Delia Derbyshire was a pioneer in electronic music who created one of the most well known TV theme tunes of all time.
Delia was born in Coventry in 1937, only two years before the outbreak of the Second World War. When the war began the government encouraged parents of young children like Delia to send them away to the relative safety of the countryside, however many chose not to. Initially, Delia’s parents were amongst them. She stayed in Coventry and lived through the famous Coventry Blitz, which razed the city to the ground. The sound of the air raid siren sounded night after night made a lasting impact on Delia, in her later life she reflected: Continue reading Delia Derbyshire
Eleanor Marx has been called the ‘mother of socialist feminism’. She was a political agitator, literary translator, actress and campaigner for workers’ rights – deserving of accolades in her own right as more than just the daughter of her more well known father. Continue reading Eleanor Marx: ‘Mother of socialist feminism’
Sappho was the original female singer-songwriter, an Ancient Greek Carol King or Joni Mitchell, whose songs were so memorable that people were still writing about them and passing them on centuries later.
Today her name is synonymous with lesbianism – indeed the very word ‘Lesbian’ comes from the name of the island where Sappho lived, Lesbos – due to the many lines of her poetry where she expresses strong, and sometimes sexual, feelings for other women. But there was more to Sappho than just her interest in women. Continue reading Sappho
Happy new year! I hope you’ve all had a peaceful holiday season, however you have chosen to celebrate.
As one year ends and another begins I wanted to take the opportunity to look back over the past year and share with you some 2016 Sheroes of History stats & achievements!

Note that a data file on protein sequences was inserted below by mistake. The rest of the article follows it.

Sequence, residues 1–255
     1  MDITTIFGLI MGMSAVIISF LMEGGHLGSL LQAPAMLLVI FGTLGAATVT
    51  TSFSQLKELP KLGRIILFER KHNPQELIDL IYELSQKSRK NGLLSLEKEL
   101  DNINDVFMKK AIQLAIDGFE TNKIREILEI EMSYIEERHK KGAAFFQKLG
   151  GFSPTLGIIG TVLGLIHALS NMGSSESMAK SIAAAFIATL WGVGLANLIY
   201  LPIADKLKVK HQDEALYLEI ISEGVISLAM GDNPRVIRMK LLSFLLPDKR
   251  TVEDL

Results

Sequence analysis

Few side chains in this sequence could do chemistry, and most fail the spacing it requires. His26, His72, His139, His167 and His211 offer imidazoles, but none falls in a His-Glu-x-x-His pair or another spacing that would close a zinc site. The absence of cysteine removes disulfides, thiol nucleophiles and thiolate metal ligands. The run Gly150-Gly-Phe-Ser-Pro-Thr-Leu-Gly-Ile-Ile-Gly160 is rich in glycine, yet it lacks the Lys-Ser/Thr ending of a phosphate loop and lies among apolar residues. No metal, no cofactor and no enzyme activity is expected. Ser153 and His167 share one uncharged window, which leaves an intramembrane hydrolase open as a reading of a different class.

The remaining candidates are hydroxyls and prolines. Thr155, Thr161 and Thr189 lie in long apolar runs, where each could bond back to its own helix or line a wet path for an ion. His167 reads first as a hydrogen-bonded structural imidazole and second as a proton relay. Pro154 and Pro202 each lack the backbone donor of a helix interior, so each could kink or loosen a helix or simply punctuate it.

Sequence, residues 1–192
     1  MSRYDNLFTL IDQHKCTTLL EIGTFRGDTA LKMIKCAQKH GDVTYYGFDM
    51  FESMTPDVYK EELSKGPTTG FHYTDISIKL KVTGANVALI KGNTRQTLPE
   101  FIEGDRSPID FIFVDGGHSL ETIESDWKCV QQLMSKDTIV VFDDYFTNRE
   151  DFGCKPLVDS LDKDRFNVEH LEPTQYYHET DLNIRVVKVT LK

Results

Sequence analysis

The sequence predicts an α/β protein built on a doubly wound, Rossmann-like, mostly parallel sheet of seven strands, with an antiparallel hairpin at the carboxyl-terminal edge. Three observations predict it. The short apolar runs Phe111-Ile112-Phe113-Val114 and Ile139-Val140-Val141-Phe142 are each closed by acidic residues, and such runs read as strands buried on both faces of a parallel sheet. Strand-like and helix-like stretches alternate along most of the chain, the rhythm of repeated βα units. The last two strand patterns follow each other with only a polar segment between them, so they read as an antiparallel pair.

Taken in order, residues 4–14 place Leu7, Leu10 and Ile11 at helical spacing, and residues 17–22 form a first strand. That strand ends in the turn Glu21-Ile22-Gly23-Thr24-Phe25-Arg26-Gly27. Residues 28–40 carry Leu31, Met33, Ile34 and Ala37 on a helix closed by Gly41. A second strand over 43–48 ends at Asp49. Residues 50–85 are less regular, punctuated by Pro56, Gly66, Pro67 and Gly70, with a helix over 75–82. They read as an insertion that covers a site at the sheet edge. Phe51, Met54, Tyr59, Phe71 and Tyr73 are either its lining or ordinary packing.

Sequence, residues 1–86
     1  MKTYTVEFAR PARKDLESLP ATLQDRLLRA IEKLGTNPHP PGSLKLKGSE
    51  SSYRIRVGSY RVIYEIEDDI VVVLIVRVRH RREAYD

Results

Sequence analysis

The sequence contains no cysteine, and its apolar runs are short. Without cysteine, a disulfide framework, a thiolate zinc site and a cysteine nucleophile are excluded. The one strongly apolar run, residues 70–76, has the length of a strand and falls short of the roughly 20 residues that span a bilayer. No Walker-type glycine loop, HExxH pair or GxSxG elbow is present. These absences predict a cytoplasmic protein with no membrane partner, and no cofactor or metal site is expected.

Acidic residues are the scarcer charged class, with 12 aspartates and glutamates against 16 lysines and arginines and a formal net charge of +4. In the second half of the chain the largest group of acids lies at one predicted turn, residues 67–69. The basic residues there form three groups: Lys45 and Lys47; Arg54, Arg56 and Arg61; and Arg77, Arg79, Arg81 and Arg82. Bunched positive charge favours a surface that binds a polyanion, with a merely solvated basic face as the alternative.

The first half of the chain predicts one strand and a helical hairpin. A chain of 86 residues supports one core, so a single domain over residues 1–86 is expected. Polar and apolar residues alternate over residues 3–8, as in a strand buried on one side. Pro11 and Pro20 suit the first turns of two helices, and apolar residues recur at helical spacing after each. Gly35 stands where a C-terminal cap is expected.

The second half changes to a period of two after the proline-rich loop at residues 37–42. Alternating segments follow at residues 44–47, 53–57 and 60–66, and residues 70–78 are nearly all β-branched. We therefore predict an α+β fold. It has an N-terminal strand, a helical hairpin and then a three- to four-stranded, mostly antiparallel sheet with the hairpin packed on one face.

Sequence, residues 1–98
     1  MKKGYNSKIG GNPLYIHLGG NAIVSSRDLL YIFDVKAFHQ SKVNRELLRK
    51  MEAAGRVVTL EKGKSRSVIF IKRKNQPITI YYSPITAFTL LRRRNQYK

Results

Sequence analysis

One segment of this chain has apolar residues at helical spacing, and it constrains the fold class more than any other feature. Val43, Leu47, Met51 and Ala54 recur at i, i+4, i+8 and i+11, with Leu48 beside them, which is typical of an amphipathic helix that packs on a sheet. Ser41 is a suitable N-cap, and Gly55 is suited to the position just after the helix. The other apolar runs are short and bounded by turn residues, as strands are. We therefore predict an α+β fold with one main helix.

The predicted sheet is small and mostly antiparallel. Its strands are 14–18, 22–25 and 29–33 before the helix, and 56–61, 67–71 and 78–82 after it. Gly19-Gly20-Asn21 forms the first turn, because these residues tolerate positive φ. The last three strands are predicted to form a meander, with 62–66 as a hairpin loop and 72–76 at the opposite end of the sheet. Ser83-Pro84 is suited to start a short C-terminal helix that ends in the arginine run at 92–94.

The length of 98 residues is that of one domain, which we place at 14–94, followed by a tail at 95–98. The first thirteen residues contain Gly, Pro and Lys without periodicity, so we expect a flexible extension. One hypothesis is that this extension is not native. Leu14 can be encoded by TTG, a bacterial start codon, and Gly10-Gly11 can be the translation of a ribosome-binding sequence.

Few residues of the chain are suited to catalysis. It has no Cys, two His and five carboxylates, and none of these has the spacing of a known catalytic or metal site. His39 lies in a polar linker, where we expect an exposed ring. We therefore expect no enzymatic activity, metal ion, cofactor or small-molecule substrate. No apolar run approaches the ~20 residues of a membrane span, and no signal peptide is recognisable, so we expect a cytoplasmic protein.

- The blog featured over 50 new inspiring sheroes (meaning there are now over 160 in total – what a great resource!)
- We had contributions from 32 wonderful, brilliant writers! (Thank you, I love you!)
- The blog was viewed nearly 40,000 times by 22, 891 visitors who came from 150 different countries around the world!
- The Sheroes of History Facebook page reached 1, 298 likes and we now have over 2, 600 Twitter followers!
- The most popular post on the blog was John Hudson’s contribution about Ameila Bassano Lanier, with 1, 678 views!
- There were a host of Sheroes events, including Sheroes storytelling sessions for Black History Month and a special Birmingham Sheroes event as part of Birmingham Heritage Week.
- In October I was nominated for a West Midlands Woman of the Year Award for Outstanding Contribution to Education!
- Finally – not at all Sheroes of History related, but perhaps my biggest achievement was growing and giving birth to a tiny shero!
Thank you all so much for your continued support, whether you have liked a post on Facebook, retweeted, read a post or written one – I am so hugely grateful to everyone who helps this endeavor continue.
You can be sure that 2017 will bring you many more stories of incredible sheroes of history. I continue to be inspired by the courage and passion of these women and consider it a privilege to be able to shine a spotlight on their amazing lives.
Sheila Kitzinger was a British natural childbirth advocate who campaigned for women to have more say in their birth choices. She was an anthropologist and author who was referred to as ‘the Birth Mother of the nation’ and the ‘high priestess of natural childbirth.’